Kids who are given whatever they ask for don’t appreciate what it takes to work for something you really want. They can easily develop an “entitlement” mindset with adverse consequences later.
Imagine the difference if instead, they learn that when you want something, you have to put forth effort to make it a reality. It doesn’t magically appear out of thin air.
When our daughter Alison turned 13, we decided to give her a clothing allowance. Each month she knew she would receive a set amount of money that she could spend on clothes. And by the way, it wasn’t a generous amount.
She could blow it all on a single blouse or pair of shoes, or she could take advantage of sales, discount coupons and consignment shops to stretch her dollars.
She also understood that she couldn't come back to her dad and me to make up the difference if there were a big-ticket item she wanted to purchase. No, she had to find a way to earn the money. Or she had to save up the allowance over a number of months.
She quickly learned it was fruitless to ask us for more. We’d simply require her to figure out for herself how she was going to buy something she claimed to desperately want.
Yes, at times she complained. Her other friends didn't have these kinds of restrictions, their parents were more lenient, etc. But this occasional whining didn't faze us. We firmly believed that learning how money works in the real world was a critical life skill we needed to teach her.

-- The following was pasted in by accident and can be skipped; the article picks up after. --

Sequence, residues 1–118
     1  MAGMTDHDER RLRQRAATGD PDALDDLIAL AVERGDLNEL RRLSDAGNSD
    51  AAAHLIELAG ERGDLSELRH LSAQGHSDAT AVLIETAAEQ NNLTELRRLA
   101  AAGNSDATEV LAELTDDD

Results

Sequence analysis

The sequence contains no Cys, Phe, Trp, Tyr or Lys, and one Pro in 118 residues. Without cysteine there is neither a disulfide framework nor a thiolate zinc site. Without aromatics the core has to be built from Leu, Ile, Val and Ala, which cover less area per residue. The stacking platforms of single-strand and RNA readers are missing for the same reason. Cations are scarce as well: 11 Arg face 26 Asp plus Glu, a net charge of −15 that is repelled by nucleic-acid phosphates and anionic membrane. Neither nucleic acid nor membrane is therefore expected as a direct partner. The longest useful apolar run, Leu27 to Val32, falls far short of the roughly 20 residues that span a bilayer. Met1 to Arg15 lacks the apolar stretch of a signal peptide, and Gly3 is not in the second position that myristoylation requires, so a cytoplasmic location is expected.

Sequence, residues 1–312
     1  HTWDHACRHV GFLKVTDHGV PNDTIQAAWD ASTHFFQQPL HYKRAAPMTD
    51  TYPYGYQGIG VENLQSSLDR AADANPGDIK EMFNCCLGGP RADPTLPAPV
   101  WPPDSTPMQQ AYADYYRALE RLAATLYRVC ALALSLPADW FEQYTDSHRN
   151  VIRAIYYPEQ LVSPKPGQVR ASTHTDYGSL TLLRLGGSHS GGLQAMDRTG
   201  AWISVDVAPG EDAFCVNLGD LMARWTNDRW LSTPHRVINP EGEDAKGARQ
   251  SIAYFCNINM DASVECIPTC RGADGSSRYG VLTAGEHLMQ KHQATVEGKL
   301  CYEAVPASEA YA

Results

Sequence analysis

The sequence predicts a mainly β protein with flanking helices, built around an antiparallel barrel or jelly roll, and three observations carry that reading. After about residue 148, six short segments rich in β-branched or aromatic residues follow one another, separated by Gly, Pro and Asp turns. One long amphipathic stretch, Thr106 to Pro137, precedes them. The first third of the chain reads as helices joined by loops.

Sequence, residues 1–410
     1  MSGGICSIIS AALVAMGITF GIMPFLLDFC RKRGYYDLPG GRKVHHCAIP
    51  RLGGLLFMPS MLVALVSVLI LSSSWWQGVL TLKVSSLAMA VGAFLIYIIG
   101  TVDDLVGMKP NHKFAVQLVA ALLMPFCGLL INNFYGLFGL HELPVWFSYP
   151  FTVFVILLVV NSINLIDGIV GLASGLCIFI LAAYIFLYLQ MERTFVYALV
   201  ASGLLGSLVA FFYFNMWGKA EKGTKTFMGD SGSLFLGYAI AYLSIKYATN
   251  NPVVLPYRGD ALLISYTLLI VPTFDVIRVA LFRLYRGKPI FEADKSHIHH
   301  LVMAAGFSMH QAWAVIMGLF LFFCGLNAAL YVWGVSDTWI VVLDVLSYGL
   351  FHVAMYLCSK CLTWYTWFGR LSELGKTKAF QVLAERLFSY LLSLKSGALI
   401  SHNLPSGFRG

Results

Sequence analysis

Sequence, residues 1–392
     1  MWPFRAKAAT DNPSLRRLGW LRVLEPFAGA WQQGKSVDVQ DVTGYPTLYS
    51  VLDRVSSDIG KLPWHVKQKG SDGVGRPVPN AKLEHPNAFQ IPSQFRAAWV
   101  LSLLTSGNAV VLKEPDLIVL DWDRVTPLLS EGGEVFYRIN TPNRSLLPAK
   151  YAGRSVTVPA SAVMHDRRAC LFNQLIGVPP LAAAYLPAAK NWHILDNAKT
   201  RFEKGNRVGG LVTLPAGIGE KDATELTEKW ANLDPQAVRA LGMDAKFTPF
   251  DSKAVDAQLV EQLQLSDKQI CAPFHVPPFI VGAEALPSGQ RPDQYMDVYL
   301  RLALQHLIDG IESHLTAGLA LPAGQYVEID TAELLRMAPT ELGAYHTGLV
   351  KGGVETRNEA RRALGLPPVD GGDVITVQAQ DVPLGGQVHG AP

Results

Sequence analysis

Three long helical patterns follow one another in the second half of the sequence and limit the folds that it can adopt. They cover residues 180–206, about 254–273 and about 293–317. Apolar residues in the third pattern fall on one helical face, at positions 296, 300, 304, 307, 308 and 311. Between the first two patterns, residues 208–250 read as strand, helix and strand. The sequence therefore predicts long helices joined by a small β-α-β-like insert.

During her junior year in high school, the French teacher decided to set up a trip to France for the students. Alison was beside herself with excitement about the prospect of visiting that country. When she presented us with the total price for the trip, we agreed that she could go if she paid for half the expenses.
After an initial protest, she started figuring out ways to earn the money. And she did. I’m convinced she enjoyed the trip all the more because she had to invest her own money in the adventure.
It’s been a decade since Alison was a teenager, and these thrifty habits have continued into her adult life.
She and her husband love to travel, and Alison approaches each trip as a personal challenge to combine economy with luxury.
Recently they went to New York City, stayed at the Waldorf Astoria and enjoyed many fabulous meals. But it didn't cost them a fortune because she had applied her finely-honed sleuthing skills to uncover terrific deals online.
Whether it’s clothing, home furnishings or food, she seeks out bargains. You’ll rarely see her pay full price for anything, and she’s taught her dad and me some great tips for shopping at consignment shops and thrift stores.
Her personal money management skills influenced her career choice, too. She works in the financial investment industry, helping people make the most of their money as they plan for the future. She absolutely loves her work and feels a deep sense of satisfaction in guiding others to think about their long-term financial needs.
As parents, one of our most important jobs is to prepare our children to become independent, responsible adults. When they learn how to manage money, they acquire other strengths they’ll need for life, such as self-discipline, patience and effort.